Mourning Warbler (Oporornis philadelphia )

Photo by Ryan Brady Mourning Warbler by Ryan BradyMourning Warbler distribution map


Population Information

Federal BBS information can be obtained at by clicking on Trend Estimates and selecting the species in question. All estimates are for 1966-2005.

Life History

Habitat Selection

The Mourning Warbler nests in disturbed second-growth forests containing a dense understory of deciduous shrubs, saplings, and herbs (Epstein 2006). Natural disturbance events such as windstorms and fire as well as certain logging activities often provide the structural features required by this species (Pitocchelli 1993, Askins 2000, Epstein 2006). Common features of Mourning Warbler habitat include a thick shrub layer, relatively open tree canopy, and high volume of coarse woody debris (Burris and Haney 2005). Upland forest and shrub habitats tend to be favored over lowland habitats in Wisconsin (Epstein 2006). In the Nicolet National Forest, Howe et al. (1996) reported that Mourning Warbler preferred aspen/birch forest types and avoided hemlock and jack pine types. However, Wisconsin Breeding Bird Atlas records documented Mourning Warblers using a wide variety of forest and shrub types (Epstein 2006). The Mourning Warbler prefers relatively large tracts of habitat and is considered to be area sensitive (Freemark and Collins 1992). Temple (1988) estimated 65 hectares to be the minimum size required for 50% occupancy in southern Wisconsin. Nest are located on or <1 meter above the ground, often in ferns, clumps of grass, or thorn-bearing shrubs such as blackberries (Pitocchelli 1993).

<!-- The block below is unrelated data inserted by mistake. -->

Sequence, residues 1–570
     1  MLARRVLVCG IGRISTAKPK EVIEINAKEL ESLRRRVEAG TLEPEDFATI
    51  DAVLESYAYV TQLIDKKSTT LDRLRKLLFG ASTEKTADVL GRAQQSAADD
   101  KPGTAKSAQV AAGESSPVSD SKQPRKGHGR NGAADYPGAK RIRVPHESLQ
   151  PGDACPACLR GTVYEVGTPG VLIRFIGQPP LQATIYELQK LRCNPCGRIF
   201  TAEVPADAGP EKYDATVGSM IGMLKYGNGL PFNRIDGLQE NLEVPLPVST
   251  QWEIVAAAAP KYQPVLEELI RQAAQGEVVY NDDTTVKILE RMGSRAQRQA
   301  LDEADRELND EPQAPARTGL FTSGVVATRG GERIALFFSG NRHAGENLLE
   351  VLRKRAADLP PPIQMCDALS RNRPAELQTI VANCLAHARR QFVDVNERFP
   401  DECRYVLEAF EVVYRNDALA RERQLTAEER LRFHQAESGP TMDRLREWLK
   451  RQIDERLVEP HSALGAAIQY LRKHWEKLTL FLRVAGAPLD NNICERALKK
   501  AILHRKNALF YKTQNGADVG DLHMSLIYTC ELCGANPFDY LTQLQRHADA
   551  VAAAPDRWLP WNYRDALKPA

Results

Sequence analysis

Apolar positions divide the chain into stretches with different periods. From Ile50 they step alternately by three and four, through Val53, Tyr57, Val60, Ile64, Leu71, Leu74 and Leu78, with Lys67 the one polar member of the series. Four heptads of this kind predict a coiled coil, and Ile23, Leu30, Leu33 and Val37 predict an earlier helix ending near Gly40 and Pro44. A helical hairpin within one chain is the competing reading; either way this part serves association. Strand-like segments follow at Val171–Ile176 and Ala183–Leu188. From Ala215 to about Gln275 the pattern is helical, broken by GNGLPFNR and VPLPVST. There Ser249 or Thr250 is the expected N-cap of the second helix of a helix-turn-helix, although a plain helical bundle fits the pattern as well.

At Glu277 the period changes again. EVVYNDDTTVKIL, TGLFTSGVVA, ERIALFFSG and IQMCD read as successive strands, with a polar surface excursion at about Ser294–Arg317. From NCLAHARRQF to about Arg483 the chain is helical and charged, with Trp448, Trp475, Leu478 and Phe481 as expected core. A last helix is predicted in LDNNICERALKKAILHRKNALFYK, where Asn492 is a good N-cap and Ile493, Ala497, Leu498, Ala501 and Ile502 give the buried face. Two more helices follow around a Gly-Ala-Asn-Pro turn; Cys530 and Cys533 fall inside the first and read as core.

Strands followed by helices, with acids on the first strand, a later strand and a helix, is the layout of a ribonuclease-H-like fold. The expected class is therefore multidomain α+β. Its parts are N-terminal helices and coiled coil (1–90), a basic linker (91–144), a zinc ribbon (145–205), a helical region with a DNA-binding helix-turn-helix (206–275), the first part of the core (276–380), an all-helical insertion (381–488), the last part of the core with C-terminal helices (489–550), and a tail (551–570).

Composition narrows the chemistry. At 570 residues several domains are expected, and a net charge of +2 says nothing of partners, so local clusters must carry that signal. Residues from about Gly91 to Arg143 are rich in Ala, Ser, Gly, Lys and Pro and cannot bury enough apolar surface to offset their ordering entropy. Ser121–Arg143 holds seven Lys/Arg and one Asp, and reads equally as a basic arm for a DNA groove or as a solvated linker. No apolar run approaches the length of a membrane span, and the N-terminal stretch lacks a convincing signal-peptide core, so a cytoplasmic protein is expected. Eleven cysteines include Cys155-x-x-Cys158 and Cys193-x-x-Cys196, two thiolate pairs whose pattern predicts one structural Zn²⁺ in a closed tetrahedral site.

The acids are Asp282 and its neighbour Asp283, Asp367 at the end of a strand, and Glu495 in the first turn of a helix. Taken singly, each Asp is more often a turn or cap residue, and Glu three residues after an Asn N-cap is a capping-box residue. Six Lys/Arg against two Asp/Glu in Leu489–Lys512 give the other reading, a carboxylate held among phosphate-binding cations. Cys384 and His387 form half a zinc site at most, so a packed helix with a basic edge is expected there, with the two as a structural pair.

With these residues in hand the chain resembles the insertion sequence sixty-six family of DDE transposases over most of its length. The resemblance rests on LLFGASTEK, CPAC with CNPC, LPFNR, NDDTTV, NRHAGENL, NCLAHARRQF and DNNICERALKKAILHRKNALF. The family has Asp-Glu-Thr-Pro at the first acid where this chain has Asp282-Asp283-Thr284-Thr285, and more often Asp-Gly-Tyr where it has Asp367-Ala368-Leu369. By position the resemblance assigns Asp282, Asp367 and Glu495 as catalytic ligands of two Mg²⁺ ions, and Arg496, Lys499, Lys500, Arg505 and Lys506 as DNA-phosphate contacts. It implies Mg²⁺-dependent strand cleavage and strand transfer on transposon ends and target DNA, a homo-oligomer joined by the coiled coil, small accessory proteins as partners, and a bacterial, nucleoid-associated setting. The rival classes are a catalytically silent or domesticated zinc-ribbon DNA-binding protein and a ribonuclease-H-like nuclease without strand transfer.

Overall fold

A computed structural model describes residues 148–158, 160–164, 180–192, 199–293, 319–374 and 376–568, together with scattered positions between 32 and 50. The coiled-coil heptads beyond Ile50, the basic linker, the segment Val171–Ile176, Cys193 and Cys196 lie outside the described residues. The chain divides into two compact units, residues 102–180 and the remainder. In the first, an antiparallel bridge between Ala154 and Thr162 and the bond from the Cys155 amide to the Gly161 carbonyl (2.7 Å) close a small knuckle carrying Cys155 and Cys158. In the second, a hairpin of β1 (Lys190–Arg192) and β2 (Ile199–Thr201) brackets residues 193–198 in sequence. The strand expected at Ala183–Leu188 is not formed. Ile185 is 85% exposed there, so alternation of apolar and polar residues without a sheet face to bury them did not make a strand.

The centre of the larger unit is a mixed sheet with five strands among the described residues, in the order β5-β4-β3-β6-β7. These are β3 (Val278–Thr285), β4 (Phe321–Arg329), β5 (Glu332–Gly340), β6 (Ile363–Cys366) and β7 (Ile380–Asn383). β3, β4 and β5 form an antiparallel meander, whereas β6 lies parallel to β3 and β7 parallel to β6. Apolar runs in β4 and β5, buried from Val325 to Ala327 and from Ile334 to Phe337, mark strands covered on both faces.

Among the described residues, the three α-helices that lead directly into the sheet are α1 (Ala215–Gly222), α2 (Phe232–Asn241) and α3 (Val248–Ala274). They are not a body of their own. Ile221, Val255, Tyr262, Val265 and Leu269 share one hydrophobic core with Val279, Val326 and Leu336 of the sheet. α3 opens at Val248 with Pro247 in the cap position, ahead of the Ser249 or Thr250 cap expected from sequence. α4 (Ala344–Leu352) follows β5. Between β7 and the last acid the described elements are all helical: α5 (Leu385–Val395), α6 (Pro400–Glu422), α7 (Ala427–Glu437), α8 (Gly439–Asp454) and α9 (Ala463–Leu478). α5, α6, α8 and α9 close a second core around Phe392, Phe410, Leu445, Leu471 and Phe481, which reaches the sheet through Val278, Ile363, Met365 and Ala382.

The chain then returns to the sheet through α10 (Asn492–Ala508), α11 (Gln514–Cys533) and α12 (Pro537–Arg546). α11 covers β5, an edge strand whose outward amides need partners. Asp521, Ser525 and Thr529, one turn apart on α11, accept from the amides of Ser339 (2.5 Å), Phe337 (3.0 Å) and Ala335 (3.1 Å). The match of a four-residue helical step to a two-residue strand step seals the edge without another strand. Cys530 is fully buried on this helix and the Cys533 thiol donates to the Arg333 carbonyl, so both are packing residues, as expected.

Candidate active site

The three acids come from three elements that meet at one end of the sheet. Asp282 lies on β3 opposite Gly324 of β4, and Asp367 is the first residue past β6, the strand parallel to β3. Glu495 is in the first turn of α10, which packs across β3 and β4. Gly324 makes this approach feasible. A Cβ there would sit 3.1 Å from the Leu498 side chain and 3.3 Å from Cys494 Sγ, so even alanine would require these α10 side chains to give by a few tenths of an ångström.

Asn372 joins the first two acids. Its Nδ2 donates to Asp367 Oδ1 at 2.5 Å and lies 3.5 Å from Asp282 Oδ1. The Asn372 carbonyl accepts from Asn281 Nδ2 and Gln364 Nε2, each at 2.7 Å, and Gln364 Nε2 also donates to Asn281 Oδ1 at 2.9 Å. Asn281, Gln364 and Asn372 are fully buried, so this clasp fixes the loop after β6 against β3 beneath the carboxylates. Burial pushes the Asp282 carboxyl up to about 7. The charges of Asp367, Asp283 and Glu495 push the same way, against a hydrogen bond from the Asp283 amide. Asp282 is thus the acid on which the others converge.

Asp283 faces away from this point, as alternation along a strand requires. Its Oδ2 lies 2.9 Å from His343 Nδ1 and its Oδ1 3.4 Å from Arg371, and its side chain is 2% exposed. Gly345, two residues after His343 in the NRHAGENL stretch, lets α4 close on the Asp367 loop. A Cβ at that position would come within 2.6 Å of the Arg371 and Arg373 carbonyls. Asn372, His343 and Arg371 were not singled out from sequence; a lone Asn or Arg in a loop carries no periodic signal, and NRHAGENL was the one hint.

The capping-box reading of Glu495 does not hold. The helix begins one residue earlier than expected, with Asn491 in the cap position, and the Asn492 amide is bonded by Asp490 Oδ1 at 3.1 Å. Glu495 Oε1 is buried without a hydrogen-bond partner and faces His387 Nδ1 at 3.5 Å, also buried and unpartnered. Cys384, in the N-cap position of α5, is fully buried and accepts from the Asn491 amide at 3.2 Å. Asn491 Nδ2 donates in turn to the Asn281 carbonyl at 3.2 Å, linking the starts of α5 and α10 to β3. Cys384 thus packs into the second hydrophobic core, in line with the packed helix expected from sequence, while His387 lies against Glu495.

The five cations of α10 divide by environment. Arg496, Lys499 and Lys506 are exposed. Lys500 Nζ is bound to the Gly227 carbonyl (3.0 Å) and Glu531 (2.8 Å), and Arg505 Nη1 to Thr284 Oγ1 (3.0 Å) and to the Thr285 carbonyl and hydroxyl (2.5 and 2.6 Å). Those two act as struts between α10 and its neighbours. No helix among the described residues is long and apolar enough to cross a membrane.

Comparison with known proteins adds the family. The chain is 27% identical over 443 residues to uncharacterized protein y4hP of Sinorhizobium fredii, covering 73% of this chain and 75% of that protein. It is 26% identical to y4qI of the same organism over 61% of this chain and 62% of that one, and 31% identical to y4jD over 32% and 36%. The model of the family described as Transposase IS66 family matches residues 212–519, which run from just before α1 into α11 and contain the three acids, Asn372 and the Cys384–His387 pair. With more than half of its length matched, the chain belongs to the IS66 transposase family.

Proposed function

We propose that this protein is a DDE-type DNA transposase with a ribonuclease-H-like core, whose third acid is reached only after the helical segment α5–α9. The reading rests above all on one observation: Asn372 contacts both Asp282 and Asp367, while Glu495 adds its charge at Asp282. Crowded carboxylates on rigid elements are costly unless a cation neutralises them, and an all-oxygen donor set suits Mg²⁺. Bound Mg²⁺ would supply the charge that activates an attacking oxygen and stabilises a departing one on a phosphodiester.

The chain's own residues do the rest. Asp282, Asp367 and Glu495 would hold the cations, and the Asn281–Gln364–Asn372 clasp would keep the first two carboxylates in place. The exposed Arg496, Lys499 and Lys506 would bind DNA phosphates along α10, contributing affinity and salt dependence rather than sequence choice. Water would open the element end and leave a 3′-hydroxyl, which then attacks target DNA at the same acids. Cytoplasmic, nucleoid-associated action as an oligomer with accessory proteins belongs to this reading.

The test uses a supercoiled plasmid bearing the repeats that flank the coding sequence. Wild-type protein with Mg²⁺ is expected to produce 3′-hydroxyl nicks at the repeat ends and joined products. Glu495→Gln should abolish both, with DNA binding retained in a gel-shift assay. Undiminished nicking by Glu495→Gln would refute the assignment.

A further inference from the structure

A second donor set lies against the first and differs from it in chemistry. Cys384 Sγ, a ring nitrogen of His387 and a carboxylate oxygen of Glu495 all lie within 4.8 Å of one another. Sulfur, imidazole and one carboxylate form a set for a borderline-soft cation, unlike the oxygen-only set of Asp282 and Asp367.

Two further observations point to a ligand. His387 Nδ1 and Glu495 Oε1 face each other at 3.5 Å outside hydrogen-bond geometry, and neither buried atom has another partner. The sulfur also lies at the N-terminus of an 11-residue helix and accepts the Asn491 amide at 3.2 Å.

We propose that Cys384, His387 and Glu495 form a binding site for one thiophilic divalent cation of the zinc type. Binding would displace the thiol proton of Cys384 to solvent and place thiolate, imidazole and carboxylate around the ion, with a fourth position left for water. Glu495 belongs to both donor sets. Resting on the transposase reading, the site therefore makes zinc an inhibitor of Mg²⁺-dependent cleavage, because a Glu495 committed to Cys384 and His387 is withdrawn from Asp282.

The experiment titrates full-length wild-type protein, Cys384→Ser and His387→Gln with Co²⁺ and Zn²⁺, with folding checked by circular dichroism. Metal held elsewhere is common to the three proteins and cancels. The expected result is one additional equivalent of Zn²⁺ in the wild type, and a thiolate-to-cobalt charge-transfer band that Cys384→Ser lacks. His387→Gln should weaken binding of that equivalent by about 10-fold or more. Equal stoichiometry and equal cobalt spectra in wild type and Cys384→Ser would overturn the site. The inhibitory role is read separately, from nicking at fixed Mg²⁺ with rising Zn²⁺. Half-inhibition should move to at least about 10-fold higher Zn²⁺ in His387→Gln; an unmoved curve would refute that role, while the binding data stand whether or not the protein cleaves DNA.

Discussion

Habitat Availability

The early successional habitats favored by this species are increasingly threatened by human development. This is especially concerning in southern Wisconsin where agricultural and urban expansion has limited suitable habitat to just a few scattered locations, including the Baraboo Hills (Mossman and Lange 1982), Kettle Moraine State Forest, and Jackson “Marsh” in Washington County (R.C. Domagalski, pers. comm.). In central Wisconsin, this species is mostly associated with county forests and state wildlife management areas in Eau Claire, Buffalo, Jackson, Trempaleau, Marathon, Waupaca, and Shawano counties. In the extensive forests of northern Wisconsin, early-successional habitats are less limited due to the prevalence of logging activities in the region. The Chequamegon/Nicolet National Forest, Northern Highland/American Legion State Forest, Menomonie Indian Reserve, and Douglas, Lincoln, and Marinette county forests are important breeding areas.

Population Concerns